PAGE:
It has been reported that an employee from personal credit ratings firm Korea Credit Bureau (KCB) has allegedly been arrested and accused of stealing data from the customers of three credit card firms while working for them as a temporary consultant.
According to the Korean Financial Supervisory Service (FSS) the names, social security numbers and credit card details of 20 million South Koreans, almost half of the population, were copied and stolen. The employee later sold the data to phone marketing companies.
"This looks like a classic example of a failure to control what's known as 'privileged users' on corporate networks," said Paul Ayers, VP EMEA at enterprise data security firm Vormetric.
Privileged users are often short-term contractors who are given network access to perform software installation and system configuration. But they can present a security issue as they also have the ability to read, copy and change company documents and files.
Although specific details of how the temporary employee was able to access and copy this data are not yet available, this incident highlights an ongoing challenge for businesses to ensure that their systems are defended against insider threats.
"The best solution is to limit access so that privileged users can't actually read or edit the information in data files, but can still move them around as their job requires," advises Ayers.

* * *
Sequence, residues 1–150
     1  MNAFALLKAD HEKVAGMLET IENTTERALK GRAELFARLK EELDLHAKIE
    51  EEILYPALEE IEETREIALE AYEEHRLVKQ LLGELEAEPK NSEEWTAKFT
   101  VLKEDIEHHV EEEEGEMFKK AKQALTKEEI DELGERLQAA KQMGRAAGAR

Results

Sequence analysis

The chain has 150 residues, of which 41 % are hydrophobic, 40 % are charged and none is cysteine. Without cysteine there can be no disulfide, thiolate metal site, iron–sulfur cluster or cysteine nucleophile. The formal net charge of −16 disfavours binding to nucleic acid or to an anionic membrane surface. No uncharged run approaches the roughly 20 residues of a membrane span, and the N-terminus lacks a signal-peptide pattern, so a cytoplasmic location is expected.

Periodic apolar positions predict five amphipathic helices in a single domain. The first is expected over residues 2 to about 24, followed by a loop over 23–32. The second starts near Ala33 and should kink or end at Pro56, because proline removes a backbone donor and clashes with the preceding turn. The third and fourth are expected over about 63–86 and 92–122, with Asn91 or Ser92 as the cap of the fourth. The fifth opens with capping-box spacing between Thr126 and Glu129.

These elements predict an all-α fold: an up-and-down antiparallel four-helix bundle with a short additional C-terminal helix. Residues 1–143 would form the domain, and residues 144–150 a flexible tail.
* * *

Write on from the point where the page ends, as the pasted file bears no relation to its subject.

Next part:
"Unfortunately the majority of organisations do not yet have this capability and the KCB incident is an example of what can go wrong. [Vormetric's] research from last October showed that a whopping 73% of organisations fail to block privileged user access to sensitive data. This will likely begin to change as more incidents of insider threat data breaches make headlines, but for now a high level of risk from inside company networks remains."
Matt Middleton-Leal, regional director, UK & Ireland, CyberArk, highlighted similarities with the infamous NSA leak at the hands of privileged user and former CIA contractor, Edward Snowden.
"In the case of the alleged breach in South Korea, the fact that the individual was reportedly able to access and then sell on vast quantities of customer information is very worrying," said Middleton-Leal.
"It is essential for organisations to have a system in place that is capable of managing, monitoring and controlling all privileged access and activity, with the option to terminate a malicious session if necessary. While it would seem that this case is a classic example of the 'insider threat' - that is, the malicious abuse of privileged access - the threat from within can also include the accidental misuse of privileged access, or the abuse of these accounts by cyber attackers, who immediately seek out these credentials once inside a corporate network in order to steal information or imbed malware in a system."
"A breach of customer data can spell disaster for a business, due to the loss of customer confidence, revenue and the possibility of severe financial penalties if they are found to have been negligent in the protection of this information. Incidents such as these should therefore provide an ongoing reminder to businesses of the danger of complacency when it comes to the ever-present insider threat," he warned.